Identity Politics and Economic Policy
February 16, 2018 12:00PM E53-482 Millikan Room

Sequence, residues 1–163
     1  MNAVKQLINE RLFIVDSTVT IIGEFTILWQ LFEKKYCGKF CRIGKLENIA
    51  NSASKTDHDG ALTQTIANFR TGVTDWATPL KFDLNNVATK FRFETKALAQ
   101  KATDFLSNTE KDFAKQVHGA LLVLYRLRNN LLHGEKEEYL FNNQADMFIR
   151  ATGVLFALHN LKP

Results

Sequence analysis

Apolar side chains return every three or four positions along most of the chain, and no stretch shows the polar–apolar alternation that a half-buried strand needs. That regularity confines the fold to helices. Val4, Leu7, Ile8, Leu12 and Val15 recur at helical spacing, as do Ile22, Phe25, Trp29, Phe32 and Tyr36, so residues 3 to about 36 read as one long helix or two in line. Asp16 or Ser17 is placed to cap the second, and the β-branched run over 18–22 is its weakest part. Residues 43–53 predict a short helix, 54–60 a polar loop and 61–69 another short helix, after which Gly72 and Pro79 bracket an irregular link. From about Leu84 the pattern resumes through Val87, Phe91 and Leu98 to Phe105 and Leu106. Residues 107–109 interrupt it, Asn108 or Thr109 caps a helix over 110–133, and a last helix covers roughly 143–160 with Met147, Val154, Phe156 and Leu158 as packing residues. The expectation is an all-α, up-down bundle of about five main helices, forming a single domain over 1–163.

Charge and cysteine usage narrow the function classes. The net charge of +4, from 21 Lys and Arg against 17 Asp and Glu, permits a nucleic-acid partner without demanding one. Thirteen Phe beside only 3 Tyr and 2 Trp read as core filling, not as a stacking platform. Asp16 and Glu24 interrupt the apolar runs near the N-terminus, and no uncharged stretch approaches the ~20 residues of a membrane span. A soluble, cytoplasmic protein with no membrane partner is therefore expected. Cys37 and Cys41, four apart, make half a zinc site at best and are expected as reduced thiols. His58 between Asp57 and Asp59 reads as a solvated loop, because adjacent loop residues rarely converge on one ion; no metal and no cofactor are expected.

How does identity politics impact political conflict over economic policy? I present a formal model of political competition in ethnically divided societies to explicate the link between identity politics and politics over economic policymaking. I show that both brands of politics are symptomatic of the same strategic choice faced by politicians. My key insight is that incentives to engage in identity politics dampen motivations to win support using economic policy. By triggering identity in the electoral arena, politicians can boost their popularity among voters who value identity. But the identity card polarizes political preferences, such that groups mobilized on identity become relatively less responsive to policy. Politicians thus fashion economic platforms toward other groups. My focus on identity mobilization generates insights that upturn many expectations about who gets what from the state in divided democracies. Contrary to conventional wisdom, I show that ethnically homogenous industries receive fewer preferential policies, because politicians are more likely to court voters in these industries based on identity appeals while targeting workers in heterogenous industries using economic appeals. I test my theoretical predictions by using paired survey experiments, and original data on industry-level trade policies and indicators of religion and caste ethnicity in India.